… on May 31, 2016, United Nations Secretary-General Ban Ki-moon added the Saudi Arabia-led coalition fighting in Yemen to its blacklist of states and armed groups for killing and maiming children, violating children’s rights during conflict.
By Polly Mann Women Against Military Madness Newsletter Summer 2016
If Senator Chris Murphy of Connecticut and Senator Rand Paul of Kentucky have their way, the United States will no longer export arms to Saudi Arabia unless it is provided evidence that the Saudis and their war partners are “taking all feasible precautions to reduce the risk of harm to civilians and civilian infrastructure” and are only targeting foreign terrorist organizations.
According to UNICEF, 21.2 million Yemeni––82 percent of the population––now require some form of humanitarian assistance to survive since the war began in March 2015: “An estimated 1.2 million people are internally displaced; 14.1million people need access to basic health care and 19.3 million lack safe, clean water.”
Over a dozen U.S. lawmakers wrote to President Barack Obama expressing “dismay” over the Saudi-led war in Yemen, backed not just by U.S. arms but also U.S. military advisors. They urged him to ensure that Saudi attacks “correspond to the standards that would apply to any U.S. military operation for limiting civilian casualties.” Less than two weeks later, the Saudi-led coalition repeatedly struck a Doctors Without Borders hospital in Yemen.
Senators Murphy and Paul can be thanked for taking a stand on this issue. But if the U.S. stopped working with ruthless partnerships in geopolitical and resource wars, and stopped selling arms to Saudi Arabia, would there be so many foreign terrorist organizations in the first place? Who are the foreign terrorist groups anyway? There is an official foreign terrorist organization list that only the U.S. Secretary of State can place groups on. Which countries’ militaries are not on it?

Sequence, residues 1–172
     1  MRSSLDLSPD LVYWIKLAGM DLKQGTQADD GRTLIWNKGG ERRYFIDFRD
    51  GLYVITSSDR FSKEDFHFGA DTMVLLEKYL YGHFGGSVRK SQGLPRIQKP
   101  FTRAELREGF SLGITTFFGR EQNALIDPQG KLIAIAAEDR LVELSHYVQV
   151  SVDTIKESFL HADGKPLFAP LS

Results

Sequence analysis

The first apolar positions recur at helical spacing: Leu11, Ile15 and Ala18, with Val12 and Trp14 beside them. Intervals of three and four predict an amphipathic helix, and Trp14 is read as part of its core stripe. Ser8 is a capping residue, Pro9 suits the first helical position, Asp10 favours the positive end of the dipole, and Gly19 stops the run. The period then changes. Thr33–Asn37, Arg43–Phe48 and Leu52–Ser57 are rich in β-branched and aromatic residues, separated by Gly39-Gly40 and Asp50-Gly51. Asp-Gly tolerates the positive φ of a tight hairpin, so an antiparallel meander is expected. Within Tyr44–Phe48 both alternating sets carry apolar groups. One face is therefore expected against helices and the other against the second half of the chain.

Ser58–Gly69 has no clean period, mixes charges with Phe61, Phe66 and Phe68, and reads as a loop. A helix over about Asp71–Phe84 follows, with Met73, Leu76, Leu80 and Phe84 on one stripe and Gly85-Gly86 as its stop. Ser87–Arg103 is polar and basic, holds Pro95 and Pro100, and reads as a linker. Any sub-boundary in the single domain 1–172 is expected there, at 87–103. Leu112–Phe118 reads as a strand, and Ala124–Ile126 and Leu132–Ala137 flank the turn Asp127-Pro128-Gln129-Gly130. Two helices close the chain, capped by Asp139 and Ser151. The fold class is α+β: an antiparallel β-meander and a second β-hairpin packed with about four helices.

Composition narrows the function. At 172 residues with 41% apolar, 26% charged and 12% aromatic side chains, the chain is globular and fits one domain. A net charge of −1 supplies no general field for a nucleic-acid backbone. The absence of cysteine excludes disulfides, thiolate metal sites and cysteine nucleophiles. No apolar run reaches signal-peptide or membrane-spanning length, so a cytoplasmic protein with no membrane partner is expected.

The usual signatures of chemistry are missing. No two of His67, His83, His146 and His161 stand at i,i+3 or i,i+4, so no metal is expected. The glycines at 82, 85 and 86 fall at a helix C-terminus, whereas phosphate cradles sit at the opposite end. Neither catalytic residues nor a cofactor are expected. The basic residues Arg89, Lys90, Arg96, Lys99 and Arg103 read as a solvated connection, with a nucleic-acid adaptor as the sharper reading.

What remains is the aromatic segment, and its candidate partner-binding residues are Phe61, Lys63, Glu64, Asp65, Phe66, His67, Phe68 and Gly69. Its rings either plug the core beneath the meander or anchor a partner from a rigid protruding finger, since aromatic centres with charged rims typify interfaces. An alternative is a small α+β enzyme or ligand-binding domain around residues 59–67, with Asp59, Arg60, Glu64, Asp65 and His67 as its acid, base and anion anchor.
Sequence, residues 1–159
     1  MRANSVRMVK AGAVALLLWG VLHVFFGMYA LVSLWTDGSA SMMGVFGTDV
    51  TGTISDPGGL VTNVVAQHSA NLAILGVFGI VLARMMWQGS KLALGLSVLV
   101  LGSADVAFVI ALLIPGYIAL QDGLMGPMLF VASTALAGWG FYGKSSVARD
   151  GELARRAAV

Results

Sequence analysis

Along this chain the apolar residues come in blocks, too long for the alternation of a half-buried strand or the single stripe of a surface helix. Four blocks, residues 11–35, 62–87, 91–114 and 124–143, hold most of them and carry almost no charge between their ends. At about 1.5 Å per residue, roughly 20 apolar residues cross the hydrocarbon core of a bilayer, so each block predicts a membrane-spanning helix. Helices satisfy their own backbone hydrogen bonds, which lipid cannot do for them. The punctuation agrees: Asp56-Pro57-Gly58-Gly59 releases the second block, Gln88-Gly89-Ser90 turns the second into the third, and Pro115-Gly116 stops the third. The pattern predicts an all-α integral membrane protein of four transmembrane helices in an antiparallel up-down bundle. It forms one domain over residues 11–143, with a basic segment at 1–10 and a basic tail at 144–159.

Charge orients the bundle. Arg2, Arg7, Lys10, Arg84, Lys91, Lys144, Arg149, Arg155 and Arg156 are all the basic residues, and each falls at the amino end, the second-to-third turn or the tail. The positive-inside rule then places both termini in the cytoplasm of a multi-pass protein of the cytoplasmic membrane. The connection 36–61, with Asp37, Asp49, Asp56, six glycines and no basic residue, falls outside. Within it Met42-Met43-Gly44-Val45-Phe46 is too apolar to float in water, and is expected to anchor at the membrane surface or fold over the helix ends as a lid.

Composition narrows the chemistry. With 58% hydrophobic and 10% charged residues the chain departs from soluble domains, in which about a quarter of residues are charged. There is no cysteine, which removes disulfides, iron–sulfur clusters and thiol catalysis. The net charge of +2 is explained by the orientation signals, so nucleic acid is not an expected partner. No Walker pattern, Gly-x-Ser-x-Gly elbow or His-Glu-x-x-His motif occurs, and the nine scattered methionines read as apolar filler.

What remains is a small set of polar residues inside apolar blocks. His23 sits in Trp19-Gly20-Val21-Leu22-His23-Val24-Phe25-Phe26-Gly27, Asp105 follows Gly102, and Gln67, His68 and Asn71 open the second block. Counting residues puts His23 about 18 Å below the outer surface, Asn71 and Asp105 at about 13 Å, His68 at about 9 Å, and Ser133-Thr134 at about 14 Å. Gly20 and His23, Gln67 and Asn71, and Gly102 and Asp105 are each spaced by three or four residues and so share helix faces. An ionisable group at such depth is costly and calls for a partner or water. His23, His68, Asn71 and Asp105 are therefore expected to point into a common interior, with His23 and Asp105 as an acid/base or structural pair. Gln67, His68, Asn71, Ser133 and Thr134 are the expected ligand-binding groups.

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The United Nations has its own designation of blacklisted groups. According to Reuters, the Houthis, Yemen government forces, and pro-government militia have been on the U.N. blacklist for at least five years, along with al Qaeda in the Arabian Peninsula.
But on May 31, 2016, United Nations Secretary-General Ban Ki-moon added the Saudi Arabia-led coalition fighting in Yemen to its blacklist of states and armed groups for killing and maiming children, violating children’s rights during conflict: “The coalition was responsible for 60 percent of child deaths and injuries last year, killing 510 and wounding 667, according to Ban’s report released on Thursday, which also said the coalition carried out half the attacks on schools and hospitals.”
However, Ban Ki-moon removed Saudi Arabia and its coalition partners from the list soon thereafter. National Public Radio reported that he made it clear U.N. funding was at stake:
He made clear that U.N. funding was at stake. “I also had to consider the very real prospect that millions of other children would suffer grievously if, as was suggested to me, countries would de-fund many U.N. programs,” he said. He didn’t name the countries that threatened to cut off funding to the U.N., but it was clear he came under pressure from Saudi Arabia and other coalition members.
We know Saudi Arabia’s role but we need to ask who else pressured Ban Ki-moon. Our friends may have gotten themselves off the UN blacklist, but it sounds like was achieved through blackmailing the UN Secretary, adding something sinister to the crimes already perpetrated.
UPDATE: On June 16th, a ban to transfer cluster bombs from the U.S. to Saudi Arabia was defeated by 12 votes (204 to 216) in the House of Representatives. However, according to The Intercept [online news], human rights activists celebrate the closeness of the vote as more and more members of Congress are getting tired of selling Saudi Arabia bombs when it is dropping them on civilians in Yemen.
Polly Mann is a co-founder of Women Against Military Madness and a regular contributor and columnist for the WAMM newsletter.
© 2016 Women Against Military Madness.